By Richard Marcantonio, Managing Attorney Public Advocates.
SB 1 (Beall) won two-thirds approval and went to the Governor’s desk late Thursday night. What does this multi-billion dollar a year bill mean for low-income Californians and communities of color?
As I and my co-authors discuss at length in a forthcoming article in the Fordham Urban Law Journal, the benefits of transportation have long been skewed away from low-income communities of color, who instead have borne the brunt of the harms associated with it.
That was very clearly the case when the Federal-Aid Highway Act of 1956 poured tens of billions of dollars into the construction of freeways that spurred suburbanization, white flight and sprawl. Newly suburbanized middle class whites got a transportation connection to their downtown jobs, while the residents of older urban neighborhoods were displaced or left to breathe tailpipe fumes.
It continues to be a common occurrence even today, as massive investments in low-income communities of color, like BART’s failed Oakland Airport Connector through East Oakland, provide transportation options to a more affluent class of people while existing residents not only fail to benefit but are subjected to increased risk of displacement as land values and rents rise.
Transportation justice means both meeting the transportation needs of low-income residents and protecting vulnerable residents from harms to their health and communities.
Weighed against that standard, SB 1 marks a long-overdue victory for transportation justice; at the same time, it vividly demonstrates how far we still need to go.
Our landmark Darensburg lawsuit in 2005 drew the curtain back on the separate-and-unequal transit systems across the U.S. and the funding practices that create and maintain that inequality. Since then, Public Advocates has been a leading voice nationally for increasing funding for local bus service and fare reductions. We have long argued that the inadequate funding of transit operations is the biggest contributor to the service cuts and fare hikes that block low-income residents from places of employment, education, health care and recreation.
While the enormous capital needs of commuter rail systems have long been prioritized (though even those are now at risk in the Trump administration), the operating revenue that pays the salaries of drivers and mechanics who keep bus service running has steadily declined. That has remained true despite some key victories along the way. In 2009, Public Advocates helped win flexibility in President Obama’s economic stimulus for transit operating needs; and in 2014, we helped create the Low Carbon Transit Operations Program, funded with 5 percent of the cap-and-trade auction revenues in California’s Greenhouse Gas Reduction Fund.
The adoption of SB 1 continues the trend line for growing transit operations support. Public Advocates and dozens our partners across the state were united in making it a priority to amend SB 1 to include a significant boost in transit operating support. We enjoyed strong support from some lawmakers, especially Senators Scott Weiner and Ben Allen, who early on authored an op-ed calling for “massive, transformational investments in public transportation.” As a result of our persistence, SB 1 was amended to more than double the State Transit Assistance program, adding $400 million a year to the state’s main source of funding for transit operations.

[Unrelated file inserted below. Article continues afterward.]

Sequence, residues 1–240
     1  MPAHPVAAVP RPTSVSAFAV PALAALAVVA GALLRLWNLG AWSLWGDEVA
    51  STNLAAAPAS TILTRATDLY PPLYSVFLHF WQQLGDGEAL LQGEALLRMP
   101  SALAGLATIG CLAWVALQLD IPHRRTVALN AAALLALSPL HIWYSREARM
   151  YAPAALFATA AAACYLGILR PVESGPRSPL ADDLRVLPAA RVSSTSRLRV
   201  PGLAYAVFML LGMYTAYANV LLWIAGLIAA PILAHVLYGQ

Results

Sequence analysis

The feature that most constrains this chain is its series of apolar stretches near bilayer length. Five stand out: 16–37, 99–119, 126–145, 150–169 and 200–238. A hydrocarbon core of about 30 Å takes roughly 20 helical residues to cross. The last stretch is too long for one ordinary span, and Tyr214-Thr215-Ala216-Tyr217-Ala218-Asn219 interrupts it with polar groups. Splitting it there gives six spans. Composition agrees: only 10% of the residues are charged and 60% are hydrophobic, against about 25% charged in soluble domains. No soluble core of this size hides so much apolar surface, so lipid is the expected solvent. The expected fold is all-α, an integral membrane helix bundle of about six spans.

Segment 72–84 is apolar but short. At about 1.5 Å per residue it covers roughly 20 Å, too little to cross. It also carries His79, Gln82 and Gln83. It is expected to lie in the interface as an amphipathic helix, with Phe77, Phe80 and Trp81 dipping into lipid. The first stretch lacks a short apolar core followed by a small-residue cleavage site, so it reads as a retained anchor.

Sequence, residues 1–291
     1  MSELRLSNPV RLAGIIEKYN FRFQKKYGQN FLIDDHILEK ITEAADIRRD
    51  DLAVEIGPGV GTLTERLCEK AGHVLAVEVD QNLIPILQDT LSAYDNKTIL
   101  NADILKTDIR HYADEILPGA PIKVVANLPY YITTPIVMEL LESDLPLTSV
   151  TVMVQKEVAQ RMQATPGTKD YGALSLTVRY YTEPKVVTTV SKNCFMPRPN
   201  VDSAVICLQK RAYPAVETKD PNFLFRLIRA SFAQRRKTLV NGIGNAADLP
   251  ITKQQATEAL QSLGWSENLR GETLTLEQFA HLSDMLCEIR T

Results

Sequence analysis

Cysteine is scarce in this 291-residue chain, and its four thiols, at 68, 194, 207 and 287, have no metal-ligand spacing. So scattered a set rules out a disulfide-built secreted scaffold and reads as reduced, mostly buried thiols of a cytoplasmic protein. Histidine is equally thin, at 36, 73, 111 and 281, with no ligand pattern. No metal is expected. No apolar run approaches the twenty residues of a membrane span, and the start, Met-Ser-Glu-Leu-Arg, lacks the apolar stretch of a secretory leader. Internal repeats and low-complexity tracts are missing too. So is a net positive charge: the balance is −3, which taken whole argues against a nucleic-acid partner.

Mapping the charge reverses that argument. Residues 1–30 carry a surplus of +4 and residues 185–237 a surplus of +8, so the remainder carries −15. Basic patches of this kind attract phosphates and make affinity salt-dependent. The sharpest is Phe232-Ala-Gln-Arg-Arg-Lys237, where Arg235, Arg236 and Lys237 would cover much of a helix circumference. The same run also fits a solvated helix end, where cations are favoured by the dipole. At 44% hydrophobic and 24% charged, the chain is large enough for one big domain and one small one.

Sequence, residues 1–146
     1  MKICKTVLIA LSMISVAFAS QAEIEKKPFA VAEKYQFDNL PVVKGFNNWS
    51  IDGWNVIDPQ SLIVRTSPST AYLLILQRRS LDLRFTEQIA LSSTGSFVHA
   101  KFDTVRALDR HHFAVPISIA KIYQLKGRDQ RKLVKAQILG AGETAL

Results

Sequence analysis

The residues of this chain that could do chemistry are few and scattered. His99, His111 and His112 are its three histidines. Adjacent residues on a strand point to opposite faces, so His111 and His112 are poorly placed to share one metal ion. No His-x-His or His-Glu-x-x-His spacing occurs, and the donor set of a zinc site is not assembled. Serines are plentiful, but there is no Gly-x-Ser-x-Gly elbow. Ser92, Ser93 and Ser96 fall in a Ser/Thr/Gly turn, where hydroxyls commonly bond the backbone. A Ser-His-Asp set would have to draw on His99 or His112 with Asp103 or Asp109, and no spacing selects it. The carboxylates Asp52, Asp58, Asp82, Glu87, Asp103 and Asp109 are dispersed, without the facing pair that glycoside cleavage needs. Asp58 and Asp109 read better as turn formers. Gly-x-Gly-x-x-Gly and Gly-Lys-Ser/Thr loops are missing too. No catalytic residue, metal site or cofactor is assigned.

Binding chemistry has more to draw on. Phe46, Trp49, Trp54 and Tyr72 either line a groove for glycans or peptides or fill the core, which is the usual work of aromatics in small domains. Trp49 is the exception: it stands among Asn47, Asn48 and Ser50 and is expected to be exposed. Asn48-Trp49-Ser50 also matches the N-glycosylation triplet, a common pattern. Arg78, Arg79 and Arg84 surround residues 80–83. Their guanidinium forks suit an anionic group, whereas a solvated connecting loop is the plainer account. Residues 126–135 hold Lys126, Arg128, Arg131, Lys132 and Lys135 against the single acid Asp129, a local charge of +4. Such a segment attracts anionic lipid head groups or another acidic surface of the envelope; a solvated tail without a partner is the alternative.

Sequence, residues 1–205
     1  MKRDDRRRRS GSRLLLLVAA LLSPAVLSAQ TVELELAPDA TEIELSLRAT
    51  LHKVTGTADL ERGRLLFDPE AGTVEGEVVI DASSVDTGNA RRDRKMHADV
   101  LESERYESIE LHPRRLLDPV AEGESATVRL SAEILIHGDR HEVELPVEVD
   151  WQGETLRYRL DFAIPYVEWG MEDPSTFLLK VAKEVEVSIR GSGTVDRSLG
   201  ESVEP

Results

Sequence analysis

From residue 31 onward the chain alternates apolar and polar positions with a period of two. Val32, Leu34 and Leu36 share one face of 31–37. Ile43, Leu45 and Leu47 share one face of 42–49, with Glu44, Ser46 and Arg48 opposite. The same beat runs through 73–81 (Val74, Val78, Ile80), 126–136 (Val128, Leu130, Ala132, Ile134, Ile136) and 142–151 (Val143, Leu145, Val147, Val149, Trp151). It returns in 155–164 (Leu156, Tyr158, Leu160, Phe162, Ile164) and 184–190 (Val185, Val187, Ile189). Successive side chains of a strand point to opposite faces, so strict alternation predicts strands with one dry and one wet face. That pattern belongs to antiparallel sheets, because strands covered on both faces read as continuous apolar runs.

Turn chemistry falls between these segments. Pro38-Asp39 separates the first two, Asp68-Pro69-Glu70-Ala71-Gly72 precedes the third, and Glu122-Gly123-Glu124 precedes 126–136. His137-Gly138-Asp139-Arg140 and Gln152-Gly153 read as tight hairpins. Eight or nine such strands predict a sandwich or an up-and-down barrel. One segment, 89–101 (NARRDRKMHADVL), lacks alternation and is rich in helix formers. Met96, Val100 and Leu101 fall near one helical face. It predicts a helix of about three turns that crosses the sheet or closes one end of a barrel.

With that victory, and others mentioned in our coalition statement, low-income transit riders will share in significant benefits. The progressive nature of a modest new value-based vehicle fee is also noteworthy.
But the bill also threatens the health of countless low-income families living near trucking routes, by impairing state and regional air quality agencies like the California Air Resources Board from cleaning up old trucks. That dirty diesel provision was added to the bill at the last minute, and caused Public Advocates to stand with our environmental justice partners in opposing the bill to the end. If not reversed, the diesel rule will impose new health harms on low-income residents, and especially residents of color, who already breathe the dirtiest air.
In the wake of SB 1, where does California stand on transportation justice?
That depends on whether the transportation investments this new revenue support will provide low-income families with affordable, accessible and safe transportation options and will protect our most vulnerable residents from pollution and displacement.
The good news is that we already know how to do this in California. Our recent experience dedicating a share of cap-and-trade auction revenues to benefit disadvantaged communities (SB 535, de León, and AB 1550, Gomez) has shown the value of that model which, by meeting the needs of underserved and overburdened residents and protecting them from harm, has contributed to a healthier environment and climate, and to economic prosperity for all. (If you’d like to learn more, see what PA’s Guillermo Mayer has to say in a short video entitled “Fighting Poverty and Pollution,” narrated by Senate president pro tem Kevin de León.)
At Public Advocates, we think this model is ready to take on the road. That’s why, with our partners, the California Bike Coalition and PolicyLink, we are co-sponsoring AB 1640 (E. Garcia), which would require regional agencies to dedicate 25 percent of a major pot of transportation funds to projects that provide direct and meaningful benefits to low-income communities and transit routes.
Ensuring that underserved and overburdened residents share fairly in the benefits of transportation, and are protected from its harms, is what we mean by transportation justice. And, with our partners across the state, we are well on our way to building the community power and political will to make it happen.